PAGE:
In arguing that substantial reductions in inequality have an unacceptably high cost, Zitelmann also draws on Thomas Piketty, a leftist economist who strongly supports egalitarian redistribution:
In Capital in the Twenty-First Century, Thomas Piketty even argues that “progressive taxation was as much a product of two world wars as it was of democracy.” Prior to the First World War, “tax rates, even on the most astronomical incomes, remained extremely low. . . . This was true everywhere without exception.” . . . “Of course, it is impossible to say,” explains Piketty, “what would have happened had it not been for the shock of 1914–1918. A movement had clearly been launched. Nevertheless, it seems certain that had the shock not occurred, the move toward a more progressive tax system would at the very least have been much slower, and top rates might never have risen as high as they did.”
We can readily grasp why substantial egalitarian redistribution has such a high cost. The rich will be reluctant, to say the least, to give up their money. Only if a violent revolution gets rid of them or if the tremendous costs of a war require that their funds be taxed away can we take major steps toward equality.
It might be objected that welfare states like Sweden and Denmark have achieved egalitarian redistribution without violence. Zitelmann counters this contention by noting that these countries remain quite inegalitarian, often as much as or more so than countries with less of a welfare state. He says in his earlier book The Power of Capitalism (LID Publishing, 2019):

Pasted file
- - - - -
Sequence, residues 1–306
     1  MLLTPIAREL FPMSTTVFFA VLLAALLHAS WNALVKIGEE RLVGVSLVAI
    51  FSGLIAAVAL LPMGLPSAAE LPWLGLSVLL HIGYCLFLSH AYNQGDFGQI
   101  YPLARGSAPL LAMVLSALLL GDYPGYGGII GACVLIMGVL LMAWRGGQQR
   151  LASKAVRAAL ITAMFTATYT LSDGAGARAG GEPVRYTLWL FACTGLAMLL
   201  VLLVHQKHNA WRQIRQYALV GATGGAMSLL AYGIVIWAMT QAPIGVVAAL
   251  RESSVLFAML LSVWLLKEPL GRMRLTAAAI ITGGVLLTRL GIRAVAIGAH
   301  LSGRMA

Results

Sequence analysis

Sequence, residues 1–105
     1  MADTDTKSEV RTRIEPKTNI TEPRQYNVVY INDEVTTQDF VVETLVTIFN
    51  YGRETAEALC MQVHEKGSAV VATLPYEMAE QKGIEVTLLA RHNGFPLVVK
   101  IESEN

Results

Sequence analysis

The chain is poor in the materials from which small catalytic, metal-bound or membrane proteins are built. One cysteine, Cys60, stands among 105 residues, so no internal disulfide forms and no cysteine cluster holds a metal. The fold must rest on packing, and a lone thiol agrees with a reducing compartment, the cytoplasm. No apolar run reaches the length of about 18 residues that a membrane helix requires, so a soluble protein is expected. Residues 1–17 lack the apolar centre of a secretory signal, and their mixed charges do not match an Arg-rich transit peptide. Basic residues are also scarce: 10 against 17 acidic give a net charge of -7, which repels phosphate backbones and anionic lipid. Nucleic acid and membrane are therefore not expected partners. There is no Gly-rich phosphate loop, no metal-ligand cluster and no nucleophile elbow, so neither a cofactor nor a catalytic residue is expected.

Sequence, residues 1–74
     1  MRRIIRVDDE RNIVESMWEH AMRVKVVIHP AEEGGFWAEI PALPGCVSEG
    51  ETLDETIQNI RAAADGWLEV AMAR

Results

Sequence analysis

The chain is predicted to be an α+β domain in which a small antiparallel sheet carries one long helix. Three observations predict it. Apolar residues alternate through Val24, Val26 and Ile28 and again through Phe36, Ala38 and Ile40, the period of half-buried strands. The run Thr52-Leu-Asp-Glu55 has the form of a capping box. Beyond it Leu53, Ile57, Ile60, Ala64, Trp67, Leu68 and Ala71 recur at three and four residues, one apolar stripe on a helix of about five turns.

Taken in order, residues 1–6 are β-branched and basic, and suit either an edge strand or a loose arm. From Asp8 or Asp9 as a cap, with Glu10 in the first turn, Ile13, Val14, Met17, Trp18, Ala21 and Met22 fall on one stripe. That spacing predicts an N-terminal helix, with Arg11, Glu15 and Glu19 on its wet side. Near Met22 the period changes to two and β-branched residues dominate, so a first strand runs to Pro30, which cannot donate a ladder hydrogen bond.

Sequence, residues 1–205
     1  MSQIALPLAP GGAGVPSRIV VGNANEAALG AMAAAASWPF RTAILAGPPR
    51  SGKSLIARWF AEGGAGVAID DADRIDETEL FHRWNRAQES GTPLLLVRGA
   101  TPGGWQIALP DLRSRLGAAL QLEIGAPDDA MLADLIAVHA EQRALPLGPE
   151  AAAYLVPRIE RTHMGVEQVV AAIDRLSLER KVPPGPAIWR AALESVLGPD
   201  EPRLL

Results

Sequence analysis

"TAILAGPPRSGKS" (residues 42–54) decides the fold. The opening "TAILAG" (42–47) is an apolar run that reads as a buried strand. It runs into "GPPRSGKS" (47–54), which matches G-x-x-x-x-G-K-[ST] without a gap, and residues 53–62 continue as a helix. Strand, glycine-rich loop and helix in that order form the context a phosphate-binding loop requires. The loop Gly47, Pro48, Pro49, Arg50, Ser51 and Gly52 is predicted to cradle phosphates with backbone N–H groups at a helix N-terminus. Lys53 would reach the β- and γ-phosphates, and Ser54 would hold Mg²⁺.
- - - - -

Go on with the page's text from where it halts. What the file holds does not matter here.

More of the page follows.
Spoiler alert: contemporary Sweden is not a socialist country. According to the Heritage Foundation’s 2018 Index of Economic Freedom ranking, Sweden is among the most market-oriented economies worldwide. Overall, it ranks in 15th place, ahead of South Korea (27th) and Germany (25th) and behind Denmark—another supposedly socialist country—in 12th place.
It’s essential to keep in mind that Zitelmann isn’t trying to show that all redistributive measures have severe social costs, but only that substantial ones do. Also, the issue that concerns us here isn’t whether moderate redistributive measures are good for the poor.
A committed egalitarian might respond to this argument by saying: “Even if war and revolution have been required to get substantial equality in the past, that doesn’t rule it out now. The argument just points to a historical regularity. It isn’t a praxeological law.” But many generalizations based on common sense and experience are very likely true. It isn’t a praxeological law that voluntary payments to the government won’t raise as much money as taxes. But it would be a poor idea to bet against this.
David Gordon is Senior Fellow at the Mises Institute and editor of the Mises Review.